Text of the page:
Peacemaker Goes Global


katies photoHold up the lighters, “but I don’t smoke” states International Peacemaker Nicole Ashwood as she belts out reggae legend, Bob Marley’s song “One Love” with Loy Norrix students dancing atop the stage with her and others swaying in the aisles of our very own Kasdorf Auditorium.
International Peacemaker from the Caribbean Islands, Nicole Ashwood focuses on informing young people about gender-based violence and human trafficking in places all around the world. Influenced by Jamaican natives, Marcus Garvey, Bob Marley, her pastors, parents and most of all God, Ashwood visits countries across the seas spreading the non-violent themes she wishes to continue to advance further than the wind can take her.
“You may not travel the world in which I do,” spoke Ashwood, drawing wide circles with her fingers, “but you travel the world in which you exist.”
Ashwood believes that non-violence is something everyone can promote in their own lives and that each and every person is the one who can stand up and against violence in their own relationships. This includes all variations of violence including emotional, economic and physical.
Spun in the webs of misfortune, this woman who at just age eighteen became a student prefect. This is someone who other students look up to for both wisdom and advice. This was the start of her peacemaking career.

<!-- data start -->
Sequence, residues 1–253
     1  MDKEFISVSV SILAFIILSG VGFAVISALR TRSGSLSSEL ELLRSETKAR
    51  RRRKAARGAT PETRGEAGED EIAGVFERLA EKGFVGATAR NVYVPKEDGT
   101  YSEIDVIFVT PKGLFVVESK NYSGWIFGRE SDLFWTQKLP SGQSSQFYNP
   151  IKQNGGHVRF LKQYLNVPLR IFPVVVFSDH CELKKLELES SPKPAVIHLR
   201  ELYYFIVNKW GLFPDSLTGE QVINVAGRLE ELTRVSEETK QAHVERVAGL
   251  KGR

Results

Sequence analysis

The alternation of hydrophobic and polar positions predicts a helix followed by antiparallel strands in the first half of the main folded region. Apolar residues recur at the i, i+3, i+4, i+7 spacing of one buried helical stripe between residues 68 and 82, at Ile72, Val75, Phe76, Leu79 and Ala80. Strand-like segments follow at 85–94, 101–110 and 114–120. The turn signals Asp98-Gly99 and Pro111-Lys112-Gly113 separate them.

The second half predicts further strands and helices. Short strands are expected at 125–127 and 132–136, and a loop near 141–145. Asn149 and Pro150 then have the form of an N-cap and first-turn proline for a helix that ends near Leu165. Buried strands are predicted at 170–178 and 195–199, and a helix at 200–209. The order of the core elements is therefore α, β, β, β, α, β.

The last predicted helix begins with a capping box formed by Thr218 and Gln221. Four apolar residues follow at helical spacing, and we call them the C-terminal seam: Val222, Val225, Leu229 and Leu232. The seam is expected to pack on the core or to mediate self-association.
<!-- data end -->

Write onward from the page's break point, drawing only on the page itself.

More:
Indulging Loy Norrix students in the tales of world-wide individuals, real life horror stories emerged. These topics ranged from gun and knife violence to teenage pregnancy, gender-based violence, the drug trade and human trafficking.
Speaking of the tragedies and one woman’s story of her struggle against gender-based violence, Ashwood tells how the attempted defense of her children led the woman face to face with her husband, her abuser who slashed her open with the sharp edge of a machete when she opened the door in attempt to get her third child back.
“Her back was beautifully decorated in a spiderweb pattern from the blows of the machete,” painted Ashwood.
However, as gory and unfortunate as some instances may be, Ashwood chooses to focus on the more positive and peaceful aspects of life. She believes violence does not solve violence.
Putting a spin on a quote from Marcus Garvey, Ashwood spoke to students, telling them in order for their aspirations to come true, they need more than a wishbone; they need a backbone.
“[I want to remind students] that there are folks out there that need them to continue to do what they are doing.”
Ashwood wanted to speak with U.S. high school students at Loy Norrix to boost their personal self-confidence and keep them on the right track.
Ashwood is one to leave a positive impression, and after speaking with senior Darvious Wallace, he looks at his future in a more positive light. Wallace hopes to run track in college.
“[Ashwood] encouraged me to believing I could run track in college when I didn’t believe it in myself,” said Wallace.
Ashwood knows a thing or two about a student’s potential and is a very strong believer one person can make a difference.
“Every single solitary one of you is valuable. Every single solitary one of you is precious. Every single solitary one of you will amount to whatever it is you want to be,” said Ashwood.
Closing her time with students at Loy Norrix, Ashwood let the newly indoctrinated high schoolers repeat the vow.
Ashwood said, “I am a peacemaker, and where I am is a violent-free zone.”